Thursday, 6 December 2012

Instagram vs. Twitter: Who really wins when we all lose?

Instagram vs Twitter

You might have seen the articles today about Instagram, and their decision to withdraw support for Twitter Cards for their platform. It’s caused a shit-storm on the tech scene, with Mike Arrington, The Verge and many other sources weighing in with their opinion on the decision.

Instagram CEO Kevin Systrom has came out with an apologetic yet defensive response at the LeWeb conference stating that the decision was made to protect their data, and ensure eyes were heading to their platform, and not viewable on other platforms. Something they’d never do to Tumblr. Or Facebook.

Are they really trying to tell us that this decision wasn’t a bit of tit-for-tat retalitation over Twitter blocking Instagram from using their Friend Finder API? Yes, they really are. They say they have a ‘really good relationship with Twitter’, despite recent events.

But how can that really be true? Are the team at Instagram really asking us to believe that when making this decision, the Friend Finder API issue wasn’t considered as a black mark against Twitter’s name?


The biggest losers in all of this is, of course, you and I.

We all want connectivity. In terms of what a Utopian future of what online connectivity is, we all dream of having seamless, open collaboration between platforms. What happens on Instagram goes to Twitter, Facebook, Tumblr, Flickr, etc. It’s simple for us, and the advantage of being able to create once and publish everywhere is a standard that many companies are adopting, whether it’s in-app, on-site, or even via their CMS.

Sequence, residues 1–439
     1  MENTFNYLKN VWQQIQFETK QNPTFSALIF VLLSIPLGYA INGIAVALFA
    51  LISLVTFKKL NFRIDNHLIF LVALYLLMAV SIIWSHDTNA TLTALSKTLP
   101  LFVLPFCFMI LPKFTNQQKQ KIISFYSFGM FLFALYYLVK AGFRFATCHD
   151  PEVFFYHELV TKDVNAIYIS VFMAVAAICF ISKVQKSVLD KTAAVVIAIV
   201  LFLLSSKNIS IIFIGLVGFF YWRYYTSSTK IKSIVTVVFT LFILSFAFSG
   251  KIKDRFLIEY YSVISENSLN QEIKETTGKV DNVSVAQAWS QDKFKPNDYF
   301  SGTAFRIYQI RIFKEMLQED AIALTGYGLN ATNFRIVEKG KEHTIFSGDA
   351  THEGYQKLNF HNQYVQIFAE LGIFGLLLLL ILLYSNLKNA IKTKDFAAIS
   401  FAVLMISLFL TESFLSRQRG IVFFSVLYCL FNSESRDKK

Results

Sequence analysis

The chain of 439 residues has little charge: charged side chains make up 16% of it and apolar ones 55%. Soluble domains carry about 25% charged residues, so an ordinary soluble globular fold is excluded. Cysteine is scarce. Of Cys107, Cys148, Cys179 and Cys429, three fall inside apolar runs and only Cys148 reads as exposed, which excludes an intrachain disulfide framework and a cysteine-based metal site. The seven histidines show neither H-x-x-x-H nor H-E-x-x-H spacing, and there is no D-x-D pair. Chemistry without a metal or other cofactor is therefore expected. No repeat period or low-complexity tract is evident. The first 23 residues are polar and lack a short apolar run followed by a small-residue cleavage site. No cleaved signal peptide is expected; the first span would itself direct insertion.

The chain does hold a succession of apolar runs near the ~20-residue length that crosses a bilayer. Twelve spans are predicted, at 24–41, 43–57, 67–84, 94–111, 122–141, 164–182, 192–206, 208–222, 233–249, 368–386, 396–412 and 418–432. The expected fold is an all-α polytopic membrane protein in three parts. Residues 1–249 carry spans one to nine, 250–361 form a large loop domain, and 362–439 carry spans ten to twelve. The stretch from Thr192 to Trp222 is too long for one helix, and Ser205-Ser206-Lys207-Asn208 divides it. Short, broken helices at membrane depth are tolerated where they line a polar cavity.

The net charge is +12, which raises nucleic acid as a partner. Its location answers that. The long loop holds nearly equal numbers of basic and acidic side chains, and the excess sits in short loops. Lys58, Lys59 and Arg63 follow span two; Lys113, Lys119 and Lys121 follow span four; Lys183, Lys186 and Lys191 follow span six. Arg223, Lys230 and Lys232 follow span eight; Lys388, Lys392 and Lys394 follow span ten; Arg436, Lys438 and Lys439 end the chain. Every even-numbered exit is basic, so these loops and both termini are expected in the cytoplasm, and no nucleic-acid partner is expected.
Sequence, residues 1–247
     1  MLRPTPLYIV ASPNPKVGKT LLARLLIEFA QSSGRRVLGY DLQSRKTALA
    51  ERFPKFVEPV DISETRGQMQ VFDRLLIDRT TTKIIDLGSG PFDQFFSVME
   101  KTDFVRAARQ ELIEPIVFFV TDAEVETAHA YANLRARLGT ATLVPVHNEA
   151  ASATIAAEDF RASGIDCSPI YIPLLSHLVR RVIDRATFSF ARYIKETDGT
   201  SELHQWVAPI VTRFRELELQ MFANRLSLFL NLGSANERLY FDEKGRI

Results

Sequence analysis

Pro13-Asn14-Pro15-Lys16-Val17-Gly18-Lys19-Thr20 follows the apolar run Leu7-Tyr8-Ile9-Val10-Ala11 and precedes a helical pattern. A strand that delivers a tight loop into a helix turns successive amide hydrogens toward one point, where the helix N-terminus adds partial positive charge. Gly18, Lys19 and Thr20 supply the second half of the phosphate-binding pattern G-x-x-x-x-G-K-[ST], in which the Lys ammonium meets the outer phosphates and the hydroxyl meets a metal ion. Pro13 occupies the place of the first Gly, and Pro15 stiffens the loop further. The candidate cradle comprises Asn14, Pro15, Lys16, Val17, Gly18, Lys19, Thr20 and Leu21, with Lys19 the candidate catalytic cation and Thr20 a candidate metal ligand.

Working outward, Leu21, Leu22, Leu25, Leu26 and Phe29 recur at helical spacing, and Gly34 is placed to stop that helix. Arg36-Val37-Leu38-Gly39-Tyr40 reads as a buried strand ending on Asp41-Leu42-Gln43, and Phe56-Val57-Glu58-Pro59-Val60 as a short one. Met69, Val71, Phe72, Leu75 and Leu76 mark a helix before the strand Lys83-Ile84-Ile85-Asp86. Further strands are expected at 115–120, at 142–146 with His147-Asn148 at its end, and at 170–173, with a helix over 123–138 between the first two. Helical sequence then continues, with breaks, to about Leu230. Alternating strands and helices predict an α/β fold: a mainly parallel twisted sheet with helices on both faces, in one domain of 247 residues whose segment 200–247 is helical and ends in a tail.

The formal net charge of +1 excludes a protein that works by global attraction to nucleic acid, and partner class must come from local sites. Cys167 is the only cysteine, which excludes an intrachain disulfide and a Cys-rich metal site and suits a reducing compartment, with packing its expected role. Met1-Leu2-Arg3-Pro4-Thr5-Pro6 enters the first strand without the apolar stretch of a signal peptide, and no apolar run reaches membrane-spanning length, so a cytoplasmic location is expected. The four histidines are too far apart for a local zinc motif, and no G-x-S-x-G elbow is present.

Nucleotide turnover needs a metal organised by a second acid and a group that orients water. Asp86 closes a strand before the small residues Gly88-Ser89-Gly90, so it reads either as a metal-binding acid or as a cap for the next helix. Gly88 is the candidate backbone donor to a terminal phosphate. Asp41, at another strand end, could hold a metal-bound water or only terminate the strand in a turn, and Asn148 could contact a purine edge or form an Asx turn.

What Twitter, Facebook and now Instagram are doing is essentially trying to work in the most counter-productive/intuitive way possible for users, and justifying it by saying that they own our details and content on their platforms (actually, to be fair, Facebook allow you to download and remove most of your data - they are a lot more transparent than Twitter and Instagram at the moment - shocked much?).

The problem with that argument is: if you piss of your users, it doesn’t matter if you have their personal details. Did you see what happened to Myspace? That’s right: if you don’t play nicely with others, you are going to lose relevancy with your users pretty quickly. They won’t give a shit if you have their details - they won’t care what you have to say. And in the social web we inhabit, that’s lethal.

So Instagram, Twitter, any social platform that operates in this manner: learn to play nicely. Learn to be a bit more open than you currently are. Customers will forgive you if you pivot with your product - just don’t be stupid and pivot on them.

What do you say?

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